BWW Reviews: New Moon Shines With WOMAN IN BLACK

BWW Reviews: New Moon Shines With WOMAN IN BLACK

Nothing satisfies as much on a chilly night as a good, old-fashioned ghost story - and when the chills along one's spine match those outside the theatre, it's fairly certain that the production has accomplished its shuddery goals. Moreover, New Moon Theatre Company's THE WOMAN IN BLACK, taken from a 1983 horror novella by Susan Hill and directed with a sure (or maybe shaky) hand by Justin Asher, has the sort of title that appeals - at least, to me. I've always liked titles that link a mysterious woman garbed in a specific color. I recall the Gothic, Wilkie Collins' mystery THE WOMAN IN WHITE (also the Eleanor Parker/Alexis Smith film version, courtesy of Warner Brothers); and how many times have I seen an alluring Hillary Brooke as THE WOMAN IN GREEN, a mid-1940's Basil Rathbone/"Sherlock Holmes" thriller from Universal Studios? I also am willing to suspend my "disbelief" when there's a palpable ghost story unfolding - and how many really good ones are there? (Paramount's THE UNINVITED, based on a novel by Dorothy McCardle and starring Ray Milland, has not just one, but TWO ghosts; it's one of the best of the genre. Of course, , there was Jack Clayton's THE INNOCENTS, based on THE TURN OF THE SCREW by Henry James and starring Deborah Kerr as a spinsterish governess who may - or may not - be seeing ghosts; and more recently, THE SIXTH SENSE and THE OTHERS have kept viewers cowering in their seats. Indeed, Daniel Radcliffe also starred in a film version of this very work a couple of years back.) I am happy to report that this production (alas, in its final weekend) also prompts "goose bumps."

The difference here, at least in the adaptation by Stephen Mallatratt, is that the events unfold by way of a play within a play - utilizing two major characters. Initially, a nonprofessional has enlisted the aid of a professional actor help him find a way to tell a story, a process which he feels will help him to unburden himself to his family and serve as a means of exorcizing some personal "demons." What follows is truly a tale of terror: The nonprofessional, a lawyer named "Kipps," recalls how, early in his career, he was sent to settle the estate of an elderly woman; and from the moment he alone sets foot upon the isolated, marshy estate, separated from the mainland by a treacherous causeway, he finds his confidence and skepticism shaken by the fleeting appearance of a "woman in black." As he immerses himself in the yellowing letters of a trunk, he begins to discover bits and pieces of a nightmarish puzzle - a shamed unwed mother, a conflict between sisters, death in the marshes; and casting her ominous shadow over all is the specter of a veiled and agonized specter.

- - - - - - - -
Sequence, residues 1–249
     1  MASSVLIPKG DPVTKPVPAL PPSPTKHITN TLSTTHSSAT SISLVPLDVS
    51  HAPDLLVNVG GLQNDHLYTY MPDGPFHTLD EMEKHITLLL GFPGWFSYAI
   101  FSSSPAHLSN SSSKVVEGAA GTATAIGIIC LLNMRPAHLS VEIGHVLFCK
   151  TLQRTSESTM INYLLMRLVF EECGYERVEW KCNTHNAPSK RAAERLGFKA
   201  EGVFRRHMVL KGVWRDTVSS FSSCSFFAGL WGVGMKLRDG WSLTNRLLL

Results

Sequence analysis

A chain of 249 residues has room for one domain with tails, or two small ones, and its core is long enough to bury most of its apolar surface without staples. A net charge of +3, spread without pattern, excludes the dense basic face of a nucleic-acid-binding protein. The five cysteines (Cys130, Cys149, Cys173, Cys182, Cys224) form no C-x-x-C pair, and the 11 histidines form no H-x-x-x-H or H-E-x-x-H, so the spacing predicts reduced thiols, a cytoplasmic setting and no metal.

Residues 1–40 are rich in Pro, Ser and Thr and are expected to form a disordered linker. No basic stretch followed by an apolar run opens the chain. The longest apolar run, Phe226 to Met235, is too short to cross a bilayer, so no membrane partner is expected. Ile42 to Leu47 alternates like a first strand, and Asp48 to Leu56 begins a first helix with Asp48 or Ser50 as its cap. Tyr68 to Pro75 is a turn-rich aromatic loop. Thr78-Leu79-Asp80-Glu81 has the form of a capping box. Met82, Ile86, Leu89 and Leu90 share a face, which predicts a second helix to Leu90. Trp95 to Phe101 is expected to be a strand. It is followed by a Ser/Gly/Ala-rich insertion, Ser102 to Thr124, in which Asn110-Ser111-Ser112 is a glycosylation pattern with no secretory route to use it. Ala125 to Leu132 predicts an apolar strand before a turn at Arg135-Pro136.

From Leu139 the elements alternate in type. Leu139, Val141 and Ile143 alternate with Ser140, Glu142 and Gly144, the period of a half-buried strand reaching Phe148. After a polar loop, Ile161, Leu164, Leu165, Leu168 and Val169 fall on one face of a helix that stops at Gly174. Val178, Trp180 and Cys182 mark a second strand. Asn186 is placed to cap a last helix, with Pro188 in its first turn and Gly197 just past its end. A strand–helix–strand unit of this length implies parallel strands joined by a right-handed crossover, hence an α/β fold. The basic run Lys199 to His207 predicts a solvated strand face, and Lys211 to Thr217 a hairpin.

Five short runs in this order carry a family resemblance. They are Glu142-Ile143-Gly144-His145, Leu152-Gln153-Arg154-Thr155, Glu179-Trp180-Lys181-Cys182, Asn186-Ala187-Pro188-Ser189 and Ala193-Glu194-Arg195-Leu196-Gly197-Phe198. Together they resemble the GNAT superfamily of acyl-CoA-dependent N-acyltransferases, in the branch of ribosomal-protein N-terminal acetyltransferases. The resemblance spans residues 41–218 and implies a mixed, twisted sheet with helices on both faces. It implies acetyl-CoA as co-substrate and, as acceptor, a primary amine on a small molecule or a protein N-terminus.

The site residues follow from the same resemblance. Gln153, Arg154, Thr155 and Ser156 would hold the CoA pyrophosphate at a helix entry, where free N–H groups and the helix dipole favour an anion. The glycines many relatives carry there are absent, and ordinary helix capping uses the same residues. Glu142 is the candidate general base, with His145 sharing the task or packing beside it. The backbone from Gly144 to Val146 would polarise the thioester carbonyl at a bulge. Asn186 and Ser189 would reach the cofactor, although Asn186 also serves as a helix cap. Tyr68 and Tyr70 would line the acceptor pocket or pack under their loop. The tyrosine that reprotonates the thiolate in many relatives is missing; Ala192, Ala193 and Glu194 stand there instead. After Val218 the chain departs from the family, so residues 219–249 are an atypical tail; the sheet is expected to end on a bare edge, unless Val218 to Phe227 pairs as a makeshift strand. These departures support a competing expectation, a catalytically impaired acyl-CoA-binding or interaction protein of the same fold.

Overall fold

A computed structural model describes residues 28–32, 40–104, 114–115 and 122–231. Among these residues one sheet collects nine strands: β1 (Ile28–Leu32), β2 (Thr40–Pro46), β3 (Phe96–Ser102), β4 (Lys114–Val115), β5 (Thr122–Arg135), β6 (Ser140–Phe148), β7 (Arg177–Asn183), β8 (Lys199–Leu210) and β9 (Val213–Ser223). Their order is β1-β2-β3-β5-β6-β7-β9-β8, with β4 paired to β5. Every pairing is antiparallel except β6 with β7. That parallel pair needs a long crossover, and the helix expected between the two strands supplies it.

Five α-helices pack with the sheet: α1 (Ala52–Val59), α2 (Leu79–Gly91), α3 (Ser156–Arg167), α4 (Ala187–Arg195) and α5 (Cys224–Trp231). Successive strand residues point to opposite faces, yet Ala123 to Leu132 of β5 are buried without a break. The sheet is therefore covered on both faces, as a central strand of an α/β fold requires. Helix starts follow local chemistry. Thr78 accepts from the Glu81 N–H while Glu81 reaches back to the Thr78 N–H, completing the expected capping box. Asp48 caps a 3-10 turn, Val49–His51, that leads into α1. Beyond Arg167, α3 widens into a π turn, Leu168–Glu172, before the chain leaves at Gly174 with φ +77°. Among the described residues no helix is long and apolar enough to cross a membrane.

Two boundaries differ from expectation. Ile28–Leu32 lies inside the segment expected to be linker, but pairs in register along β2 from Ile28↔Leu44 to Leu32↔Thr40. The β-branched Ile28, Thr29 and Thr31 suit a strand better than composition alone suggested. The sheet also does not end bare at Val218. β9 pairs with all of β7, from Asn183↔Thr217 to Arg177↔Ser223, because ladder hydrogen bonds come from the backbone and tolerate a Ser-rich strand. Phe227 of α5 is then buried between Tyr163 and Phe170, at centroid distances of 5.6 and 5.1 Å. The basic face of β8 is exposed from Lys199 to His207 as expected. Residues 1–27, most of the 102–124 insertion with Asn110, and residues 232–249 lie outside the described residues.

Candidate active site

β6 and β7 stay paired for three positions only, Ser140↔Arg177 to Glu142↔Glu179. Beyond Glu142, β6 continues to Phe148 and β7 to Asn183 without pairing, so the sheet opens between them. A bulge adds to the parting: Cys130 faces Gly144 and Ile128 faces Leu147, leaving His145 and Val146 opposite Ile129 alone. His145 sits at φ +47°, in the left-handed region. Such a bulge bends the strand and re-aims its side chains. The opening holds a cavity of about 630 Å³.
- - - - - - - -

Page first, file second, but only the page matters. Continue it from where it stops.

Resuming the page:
In a small performing area like Theatre Works, this could invite a good bit of unsolicited laughter - except for the fact that every aspect of the production works. First and foremost, there is a beautifully written, evocative script; the poetic, moody dialogue and narrative reminded me of works such as William Rose Benet's "The Skater of Ghost Lake" (as good a supernatural poem as I've ever read). Second, there are two exceptional actors who skillfully handle multiple roles: Gabe Beutel-Gunn (he resembles the actor Dan Stevens, who starred as the ill-fated "Matthew" in DOWNTON ABBEY), who segues beautifully from the "actor" to the younger "Kipps," and whose gradual unraveling throughout the play is entirely convincing; and James Dale Green, whose "nonprofessional" disperses into a number of different characters (all with different accents and dispositions) and who becomes the narrator himself (he handles this especially well).

Gene Elliott's Sound Design deserves special praise: Whether it's the sound of a busy London street, the creaking of a chair, the clopping of horses' hooves - it's perfectly cued and presented. The musical background is ominous; the lighting design and execution couldn't be better; and the set design and construction make the most out of the limited space (a black scrim hangs before a graveyard/nursery/furnishings - and the imagination actually does most of the work). Overseeing all of this is the multitalented Justin Asher, who is every bit as talented off stage as he has proven to be on. Photo courtesy of the program cover. Through November 9.

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From This Author Joseph Baker

I received my Master of Arts Degree in English from Memphis State University and worked as an English instructor at Christian Brothers High School from (read more...)

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